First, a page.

As happens so often, the winner of the U.S. Open did not exactly win. Andy North survived.
It took a quadruple-bogey 8 to bring T.C. Chen back to North five holes into the final round; grateful, North staggered to victory today almost exactly the way he had seven years ago in the Open.
"Pretty hard to remember all those shots," North joked. "There were some ugly things."
For the round, there were 74 blows, or four over Oakland Hills par; for the tournament, North shot a one-under 279. He beat Chen, Denis Watson and Dave Barr by a stroke.
North finally found some fairways the final nine holes, and made a spectacular sand shot on the 71st hole that he likely will remember most.
That blow, within inches of the cup, saved par and made victory possible with a bogey on the final hole. A pressure up-and-down from the sand on the final hole enabled him to win the '78 Open.
But North was only a witness to the hole and the shots that will become an important part of the already-rich Open lore.
On his fifth hole today, and 59th of the tournament, Chen hit double par after striking his ball twice with the same swing in the rough.
Chen led after the first round, with a 65 that tied the course record; he led after the second and third rounds, with scores that equaled the Open records.
Had the Taiwan native parred in after the fourth hole, he would have tied the 72-hole Open record Jack Nicklaus set in 1980. He also would have been the first Oriental to win an Open, and the first player to win an Open on his first try since Francis Ouimet in 1913.
He achieved a sadder immortality.
Chen drove well on the fifth, into the fairway, and was only a four-iron from the pin on the 457-yard hole. A pushed approach started his slide.
In the rough, Chen bumped the ball into more trouble. On his fourth swing, he popped the ball from high grass and accidentally swiped it again on the follow-through.
That double-hit cost him a penalty. So the pitch Chen hit about eight feet past the pin was his sixth shot; he two-putted for eight.
"Sometimes (golf) is funny," Chen said, none too pleased. "Everything is gone."
Ironically, an equally unusual penalty -- for waiting too long for his ball to drop after a putt -- cost Watson two strokes on the first round; he lost the tournament by one.
"I put that out of my mind Thursday," Watson said today.
Surely, it hopped back in after North took the safe bogey he needed on No. 18. Publicly, Watson added: "I don't think it will (haunt me); this was my first Open."
Briefly, Barr had a two-shot lead on the back nine. From three-under for the tournament, he bogeyed the 13th, 17th and 18th holes, after erratic tee shots.
"The Monster bit back today," Barr said, a reference to so many players shooting such low scores the first two rounds on a course long regarded as frighteningly tough.
Barr also expressed what all the others surely felt after Chen birdied the second hole to go eight under: "Nobody expected him to back up that far."
But he did, and bogeyed the next three holes after that quadruple dropped him into a four-under tie with North. But a shaky two-putt for par on the ninth hole, and some weak play by others, kept him in contention.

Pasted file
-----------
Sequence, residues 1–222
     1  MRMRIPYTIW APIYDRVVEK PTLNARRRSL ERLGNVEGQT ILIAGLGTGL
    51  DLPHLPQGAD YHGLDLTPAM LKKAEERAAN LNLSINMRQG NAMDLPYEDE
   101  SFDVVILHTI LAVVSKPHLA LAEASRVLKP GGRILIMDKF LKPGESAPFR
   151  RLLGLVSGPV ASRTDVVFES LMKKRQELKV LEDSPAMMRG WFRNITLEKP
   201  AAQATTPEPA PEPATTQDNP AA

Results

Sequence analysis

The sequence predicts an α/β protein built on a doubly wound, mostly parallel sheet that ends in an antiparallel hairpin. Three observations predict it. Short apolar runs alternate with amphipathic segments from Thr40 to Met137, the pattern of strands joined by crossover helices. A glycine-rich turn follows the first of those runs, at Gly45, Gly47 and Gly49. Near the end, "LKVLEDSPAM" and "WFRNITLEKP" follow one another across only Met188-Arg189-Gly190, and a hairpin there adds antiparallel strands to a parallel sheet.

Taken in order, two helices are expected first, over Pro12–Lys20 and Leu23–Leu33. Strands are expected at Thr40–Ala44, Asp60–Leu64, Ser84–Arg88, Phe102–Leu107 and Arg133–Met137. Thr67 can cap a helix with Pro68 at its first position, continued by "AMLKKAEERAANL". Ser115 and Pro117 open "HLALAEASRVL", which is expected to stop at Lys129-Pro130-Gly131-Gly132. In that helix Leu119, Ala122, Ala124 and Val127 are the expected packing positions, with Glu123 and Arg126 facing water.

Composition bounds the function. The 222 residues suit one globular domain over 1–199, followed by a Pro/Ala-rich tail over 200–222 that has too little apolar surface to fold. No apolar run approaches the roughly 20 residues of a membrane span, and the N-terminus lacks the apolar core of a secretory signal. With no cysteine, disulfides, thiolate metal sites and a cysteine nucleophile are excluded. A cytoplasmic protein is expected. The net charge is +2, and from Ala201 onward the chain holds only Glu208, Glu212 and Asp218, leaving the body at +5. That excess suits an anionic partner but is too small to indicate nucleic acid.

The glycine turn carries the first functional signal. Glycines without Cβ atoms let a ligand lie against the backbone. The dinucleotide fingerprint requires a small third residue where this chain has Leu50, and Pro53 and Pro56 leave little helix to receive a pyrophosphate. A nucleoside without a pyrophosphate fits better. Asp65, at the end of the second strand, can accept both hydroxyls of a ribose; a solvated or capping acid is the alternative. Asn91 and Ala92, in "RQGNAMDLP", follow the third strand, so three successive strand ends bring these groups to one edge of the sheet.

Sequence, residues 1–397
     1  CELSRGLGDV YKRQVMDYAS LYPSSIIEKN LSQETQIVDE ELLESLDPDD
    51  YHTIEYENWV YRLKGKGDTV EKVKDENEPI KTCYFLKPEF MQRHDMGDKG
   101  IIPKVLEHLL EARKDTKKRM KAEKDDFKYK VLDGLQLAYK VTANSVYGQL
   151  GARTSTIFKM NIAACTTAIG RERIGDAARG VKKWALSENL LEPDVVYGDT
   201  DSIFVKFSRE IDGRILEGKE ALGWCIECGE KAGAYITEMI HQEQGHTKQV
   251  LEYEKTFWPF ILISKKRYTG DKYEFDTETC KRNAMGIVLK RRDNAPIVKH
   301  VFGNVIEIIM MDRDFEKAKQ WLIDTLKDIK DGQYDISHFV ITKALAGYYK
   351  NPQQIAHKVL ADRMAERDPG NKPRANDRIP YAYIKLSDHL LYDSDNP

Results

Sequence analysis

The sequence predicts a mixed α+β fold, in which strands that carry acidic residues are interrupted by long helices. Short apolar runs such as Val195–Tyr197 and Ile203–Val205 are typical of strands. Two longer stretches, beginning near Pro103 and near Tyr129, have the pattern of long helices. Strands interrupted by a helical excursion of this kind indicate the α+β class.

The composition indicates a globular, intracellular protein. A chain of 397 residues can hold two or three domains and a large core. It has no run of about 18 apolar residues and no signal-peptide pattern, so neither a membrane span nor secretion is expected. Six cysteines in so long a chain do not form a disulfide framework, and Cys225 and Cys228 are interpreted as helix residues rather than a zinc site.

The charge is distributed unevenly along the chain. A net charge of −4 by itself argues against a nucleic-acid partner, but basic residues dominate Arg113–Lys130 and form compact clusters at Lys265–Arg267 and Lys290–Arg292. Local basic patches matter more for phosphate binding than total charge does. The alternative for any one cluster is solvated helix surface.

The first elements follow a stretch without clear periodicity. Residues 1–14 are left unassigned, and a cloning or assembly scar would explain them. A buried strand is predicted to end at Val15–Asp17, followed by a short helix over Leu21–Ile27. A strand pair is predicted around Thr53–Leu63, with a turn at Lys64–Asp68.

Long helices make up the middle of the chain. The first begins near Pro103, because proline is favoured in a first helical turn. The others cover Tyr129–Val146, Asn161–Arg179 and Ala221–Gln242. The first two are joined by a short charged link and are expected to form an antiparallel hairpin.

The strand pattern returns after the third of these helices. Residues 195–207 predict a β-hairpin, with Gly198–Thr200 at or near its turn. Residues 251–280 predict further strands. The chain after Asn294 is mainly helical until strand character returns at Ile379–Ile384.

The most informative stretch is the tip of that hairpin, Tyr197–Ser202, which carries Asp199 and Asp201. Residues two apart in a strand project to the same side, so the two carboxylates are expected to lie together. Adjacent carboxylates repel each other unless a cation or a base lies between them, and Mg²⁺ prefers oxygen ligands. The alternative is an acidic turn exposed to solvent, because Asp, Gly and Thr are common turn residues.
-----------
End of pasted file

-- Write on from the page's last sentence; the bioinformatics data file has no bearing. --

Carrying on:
Except for North, nobody with a decent chance at winning the Open had much of a record under pressure. And he had not won since that Open in Denver.
"But this is the first time in eight or nine years," he said, "that I've really had no pain. It's been fun coming to the golf course."
He had elbow surgery two years ago and still putts with that dime-store putter and stooped-over stance.
"My problems are kind of reversed from most people," he said. "I was a very good ball striker when I was young, but a terrible putter. I was putting cross-handed when I was 14 or 15 years old."
For North, there was a 12-hole stretch from the beginning today that he hit either a bunker or rough from the tee nine times. He was four-over through 11 holes.
A five-iron within 10 feet on the 13th hole "was really the shot I needed," he said. "Everybody kinda stumbles around sometimes, and then gets it back."
North made that putt for the birdie 2 that lifted him into a tie for the lead again, at two under. Chen had gotten to two under with a bird at the par-5 No. 12, Barr with a bogey at 13.
Barr faded from contention on the hole that also proved pivotal for North and Chen: the par-3 17th.
On the tee, Barr had trouble deciding between a four- and three-iron, and chose the longer club. A few feet off the green, but behind a mound, he was in terrible trouble.
For any hope of getting the ball close, he had to loft it extremely high. He missed the shot just enough to create a 35-footer for par, which he also missed.
Then he missed his tee shot at 18, missed his four-iron approach out of a bunker and just missed a delicate chip from above the hole for par.
Meanwhile, Chen had nailed his tee shot onto the green on 17, but in a similarly impossible position to putt near the hole without a dangerous journey through the fringe.
Chen also had a 35-footer for par; he also missed.
North's ball landed in a bunker. Still, he said, "I had a three-to-one better chance for par than T.C. You have to be on that (right) side of the hole.
"I also had a perfect lie."
North scooped a wedge that only missed perfection by inches. With a tap in, he needed bogey on the final hole to win. And that's what he played for.
"Andy would have to have gone off the charts to blow it then," Barr said. "Especially when he was in the fairway off the tee."
North played short, and smart, with both his approach from the fairway and his pitch from about 30 yards. After tapping in, he raised his fists in celebration and hugged his caddy.
"A lot like '78," he said, "and so nice to get that monkey off my back. What a relief it will be to not have 100 people come up to me each week and say: 'Why are you playing terrible?' "